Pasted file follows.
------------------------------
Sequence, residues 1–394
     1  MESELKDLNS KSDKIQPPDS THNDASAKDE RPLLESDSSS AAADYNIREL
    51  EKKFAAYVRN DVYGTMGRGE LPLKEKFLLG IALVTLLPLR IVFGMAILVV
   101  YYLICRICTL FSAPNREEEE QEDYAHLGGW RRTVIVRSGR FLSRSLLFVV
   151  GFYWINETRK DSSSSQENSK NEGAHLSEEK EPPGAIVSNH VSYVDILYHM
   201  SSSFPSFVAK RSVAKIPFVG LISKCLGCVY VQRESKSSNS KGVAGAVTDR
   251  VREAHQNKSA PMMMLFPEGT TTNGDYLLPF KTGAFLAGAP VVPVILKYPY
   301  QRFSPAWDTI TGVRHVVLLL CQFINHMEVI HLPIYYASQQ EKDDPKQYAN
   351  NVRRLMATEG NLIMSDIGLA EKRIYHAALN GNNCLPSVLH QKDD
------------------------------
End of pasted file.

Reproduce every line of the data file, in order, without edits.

Sequence, residues 1–394
     1  MESELKDLNS KSDKIQPPDS THNDASAKDE RPLLESDSSS AAADYNIREL
    51  EKKFAAYVRN DVYGTMGRGE LPLKEKFLLG IALVTLLPLR IVFGMAILVV
   101  YYLICRICTL FSAPNREEEE QEDYAHLGGW RRTVIVRSGR FLSRSLLFVV
   151  GFYWINETRK DSSSSQENSK NEGAHLSEEK EPPGAIVSNH VSYVDILYHM
   201  SSSFPSFVAK RSVAKIPFVG LISKCLGCVY VQRESKSSNS KGVAGAVTDR
   251  VREAHQNKSA PMMMLFPEGT TTNGDYLLPF KTGAFLAGAP VVPVILKYPY
   301  QRFSPAWDTI TGVRHVVLLL CQFINHMEVI HLPIYYASQQ EKDDPKQYAN
   351  NVRRLMATEG NLIMSDIGLA EKRIYHAALN GNNCLPSVLH QKDD